People who go vegan for ethical reasons are more likely to stick to the diet than people who are vegan for health reasons, according to a new study.
Of the 246 vegans surveyed in a new study published by journal Appetite, those vegans who adopted the diet for health benefits were more likely to report eating more fruit and fewer sweets, while ethical vegans were more likely to follow the diet for a longer period of time. Ethical vegans reported following the diet for an average of about eight years, whereas health vegans kept to the diet for about five-and-a-half years. Ethical vegans were also more likely to consume soy and vitamin supplements.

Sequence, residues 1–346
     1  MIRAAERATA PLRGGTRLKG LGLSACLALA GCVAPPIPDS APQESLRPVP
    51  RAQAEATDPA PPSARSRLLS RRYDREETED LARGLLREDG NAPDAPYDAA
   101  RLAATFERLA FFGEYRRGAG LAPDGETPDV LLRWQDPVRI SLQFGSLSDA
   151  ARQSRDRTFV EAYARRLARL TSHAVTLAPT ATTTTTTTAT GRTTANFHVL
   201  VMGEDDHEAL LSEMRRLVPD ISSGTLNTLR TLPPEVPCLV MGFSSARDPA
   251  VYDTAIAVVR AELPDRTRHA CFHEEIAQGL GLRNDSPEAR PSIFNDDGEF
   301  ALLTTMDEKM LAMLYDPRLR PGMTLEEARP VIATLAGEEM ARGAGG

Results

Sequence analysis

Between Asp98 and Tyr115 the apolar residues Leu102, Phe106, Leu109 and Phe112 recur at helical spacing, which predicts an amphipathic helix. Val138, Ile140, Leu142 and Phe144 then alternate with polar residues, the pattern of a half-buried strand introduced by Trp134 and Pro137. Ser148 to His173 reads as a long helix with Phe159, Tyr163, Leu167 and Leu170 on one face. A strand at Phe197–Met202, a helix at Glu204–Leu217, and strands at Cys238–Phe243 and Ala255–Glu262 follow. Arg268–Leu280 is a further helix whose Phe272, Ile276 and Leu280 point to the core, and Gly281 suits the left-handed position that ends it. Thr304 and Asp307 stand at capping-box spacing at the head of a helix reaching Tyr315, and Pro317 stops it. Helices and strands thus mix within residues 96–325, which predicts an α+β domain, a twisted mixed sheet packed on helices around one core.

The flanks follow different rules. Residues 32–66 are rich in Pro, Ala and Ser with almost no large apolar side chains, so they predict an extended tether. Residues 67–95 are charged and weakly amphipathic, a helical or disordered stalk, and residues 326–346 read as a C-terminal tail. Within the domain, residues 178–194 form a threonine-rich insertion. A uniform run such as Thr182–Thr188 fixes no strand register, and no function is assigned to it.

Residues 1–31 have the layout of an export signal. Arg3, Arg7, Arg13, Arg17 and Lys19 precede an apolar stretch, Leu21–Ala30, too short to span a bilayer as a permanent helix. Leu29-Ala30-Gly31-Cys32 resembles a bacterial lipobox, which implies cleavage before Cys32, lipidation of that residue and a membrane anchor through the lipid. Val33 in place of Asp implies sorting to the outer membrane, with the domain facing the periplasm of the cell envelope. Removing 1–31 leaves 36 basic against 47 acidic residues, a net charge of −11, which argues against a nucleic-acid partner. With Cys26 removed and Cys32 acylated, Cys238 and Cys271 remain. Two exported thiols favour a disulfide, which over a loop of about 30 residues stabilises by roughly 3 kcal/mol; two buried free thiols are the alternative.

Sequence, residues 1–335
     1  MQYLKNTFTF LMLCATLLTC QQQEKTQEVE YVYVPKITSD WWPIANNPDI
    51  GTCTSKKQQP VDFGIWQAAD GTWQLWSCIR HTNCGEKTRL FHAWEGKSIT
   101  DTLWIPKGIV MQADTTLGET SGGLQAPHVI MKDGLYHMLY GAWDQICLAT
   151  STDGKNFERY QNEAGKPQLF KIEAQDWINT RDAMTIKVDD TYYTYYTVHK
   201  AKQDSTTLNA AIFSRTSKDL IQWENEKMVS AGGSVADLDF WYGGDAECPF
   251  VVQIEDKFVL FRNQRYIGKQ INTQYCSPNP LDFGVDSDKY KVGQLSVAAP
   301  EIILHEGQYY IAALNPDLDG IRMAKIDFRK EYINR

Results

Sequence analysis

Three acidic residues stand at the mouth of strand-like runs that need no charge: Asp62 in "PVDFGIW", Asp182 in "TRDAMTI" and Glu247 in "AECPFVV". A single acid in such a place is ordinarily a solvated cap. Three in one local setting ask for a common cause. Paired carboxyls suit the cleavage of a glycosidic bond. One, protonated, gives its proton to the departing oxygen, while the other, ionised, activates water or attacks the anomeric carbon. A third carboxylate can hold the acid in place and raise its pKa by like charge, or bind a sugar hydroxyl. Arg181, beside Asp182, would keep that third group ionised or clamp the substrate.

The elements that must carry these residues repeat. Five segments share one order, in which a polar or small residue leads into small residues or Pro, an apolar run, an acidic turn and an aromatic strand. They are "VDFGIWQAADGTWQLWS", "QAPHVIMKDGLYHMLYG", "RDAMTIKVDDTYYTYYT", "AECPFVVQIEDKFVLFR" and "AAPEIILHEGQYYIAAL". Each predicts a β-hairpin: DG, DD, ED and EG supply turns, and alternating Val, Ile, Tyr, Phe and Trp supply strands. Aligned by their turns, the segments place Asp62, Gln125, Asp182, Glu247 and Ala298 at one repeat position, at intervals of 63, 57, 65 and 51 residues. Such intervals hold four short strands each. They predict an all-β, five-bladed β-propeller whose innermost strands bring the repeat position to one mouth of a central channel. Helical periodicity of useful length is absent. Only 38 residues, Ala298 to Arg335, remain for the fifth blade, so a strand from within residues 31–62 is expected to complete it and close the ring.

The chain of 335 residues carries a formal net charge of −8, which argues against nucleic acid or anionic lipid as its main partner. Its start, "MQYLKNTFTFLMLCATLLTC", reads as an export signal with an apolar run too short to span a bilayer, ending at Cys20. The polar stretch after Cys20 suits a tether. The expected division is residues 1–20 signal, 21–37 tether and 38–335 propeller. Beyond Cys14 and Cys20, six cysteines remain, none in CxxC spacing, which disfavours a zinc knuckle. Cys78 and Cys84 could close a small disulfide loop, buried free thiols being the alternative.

The vegan diet has become increasingly popular in recent years, though only 2% of Americans identify as vegan, according to the most recent Gallup poll. To be vegan, dieters must not consume any animal products. The researchers in the new study wanted to assess whether the reasons people gave for going vegan affected their adherence to the diet and their health behaviors.
People who want to eat a vegan diet because they are interested in the health benefits may be eating healthier (it's still possible to eat dessert while vegan, as well as processed food), but they may not be able to sustain it as long as people who have chosen to be vegan for ethical reasons.